Then comes the trickiest part: attaching the recipient’s head to the donor body, which involves the complex SCF process. In his original paper, Dr. Canavero explained that the chemicals polyethylene glycol or chitosan will be utilized to encourage the fusion, before the muscles and blood supply are sutured.

While many scientists have raised concerns about the feasibility of the SCF process, Dr. Canavero told MNT that he is not worried.

“The possibility of fusing a spinal cord has already been achieved 50 years ago,” he said. “What is incredible is that no one took any notice at the time because the guy who really pulled it off was an American functional neurosurgeon who made this incredible, astounding observation that whenever you cut the spinal cord with a minimally traumatic severance and you wait long enough – that’s the trick, not 1 day, not 1 week, not 1 month, but several months – then animals start reworking.”

“As far as SCF is concerned, with the data, we’re already there,” he added. “And what really accrued over the past 50 years, which has been lost incredibly up until now, will simply help us accelerate the process – nothing more and nothing less.”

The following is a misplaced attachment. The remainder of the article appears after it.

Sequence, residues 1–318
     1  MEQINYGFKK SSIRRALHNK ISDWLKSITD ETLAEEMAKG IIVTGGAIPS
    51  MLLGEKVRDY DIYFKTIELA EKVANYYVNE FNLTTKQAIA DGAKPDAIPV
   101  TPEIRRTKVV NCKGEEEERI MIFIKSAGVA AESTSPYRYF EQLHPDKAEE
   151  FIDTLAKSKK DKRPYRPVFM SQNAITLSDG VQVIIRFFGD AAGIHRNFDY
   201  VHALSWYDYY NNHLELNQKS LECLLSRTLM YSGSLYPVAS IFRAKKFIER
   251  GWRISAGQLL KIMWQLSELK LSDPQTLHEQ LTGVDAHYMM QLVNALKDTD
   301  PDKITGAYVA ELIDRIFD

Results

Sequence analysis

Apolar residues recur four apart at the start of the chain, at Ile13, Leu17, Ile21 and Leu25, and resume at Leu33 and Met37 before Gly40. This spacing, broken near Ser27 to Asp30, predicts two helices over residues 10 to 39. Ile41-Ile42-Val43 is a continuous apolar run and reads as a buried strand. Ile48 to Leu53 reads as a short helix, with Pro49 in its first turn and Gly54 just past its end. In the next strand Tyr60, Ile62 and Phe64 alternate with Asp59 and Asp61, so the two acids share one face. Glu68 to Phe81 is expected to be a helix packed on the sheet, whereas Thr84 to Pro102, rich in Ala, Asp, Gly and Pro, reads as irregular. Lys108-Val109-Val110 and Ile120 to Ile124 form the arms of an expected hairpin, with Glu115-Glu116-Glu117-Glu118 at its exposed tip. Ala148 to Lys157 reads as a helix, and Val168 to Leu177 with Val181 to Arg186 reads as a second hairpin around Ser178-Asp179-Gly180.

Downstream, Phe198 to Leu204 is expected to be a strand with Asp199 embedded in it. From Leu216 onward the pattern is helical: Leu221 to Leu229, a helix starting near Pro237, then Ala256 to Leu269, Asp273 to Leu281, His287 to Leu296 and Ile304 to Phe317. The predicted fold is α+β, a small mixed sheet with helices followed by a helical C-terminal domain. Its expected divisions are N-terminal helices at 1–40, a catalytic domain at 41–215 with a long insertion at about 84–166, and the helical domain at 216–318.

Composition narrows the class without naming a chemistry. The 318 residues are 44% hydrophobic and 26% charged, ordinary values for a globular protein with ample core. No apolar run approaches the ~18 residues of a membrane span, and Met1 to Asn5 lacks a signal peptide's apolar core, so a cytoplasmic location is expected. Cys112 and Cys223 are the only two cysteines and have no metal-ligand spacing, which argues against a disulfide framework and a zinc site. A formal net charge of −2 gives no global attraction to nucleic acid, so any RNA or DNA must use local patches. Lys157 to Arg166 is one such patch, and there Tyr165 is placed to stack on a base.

After surgery, the recipient will be placed in a coma for 3-4 weeks. This is to ensure neck movement is avoided, allowing time for the new nerve connections to fuse together.

During the coma period, the recipient will also be subject to electrical stimulation through implanted electrodes; it is hoped this will give SCF a boost.

Head transplant ‘is a failure of medicine’

The words “body without hope” are central to the reasons behind the HEAVEN-GEMINI project; it aims to help people who have untreatable neurological or muscle-wasting diseases that have left them completely paralyzed from the neck down.

If successful in curing such conditions, one might hail head transplantation as a medical breakthrough, but Dr. Canavero told MNT that he perceives the procedure in another light:

“It will be about curing incurable neurological disorders for which other treatments have failed big time, so gene therapy, stem cells – they all just came to nothing. We have failed despite billions of dollars being poured into this sort of research.

So actually, head transplant or body transplant, whatever your angle is, is actually a failure of medicine. It is not a brilliant success, a brilliant advancement to medical science. When you just haven’t tackled biology, you don’t know how to treat genes, you don’t really understand, and you really need to resort to a body transplant, it means that you’ve failed. So this must not be construed as a success of medical research.”

Still, there is no doubt that if the procedure works, it could potentially help people all over the globe who are living with paralysis. And one individual who firmly believes this is 30-year-old Russian man Valery Spiridonov.

On the next page we look at the criticism the HEAVEN-GEMINI project has received and the ethical concerns it has raised.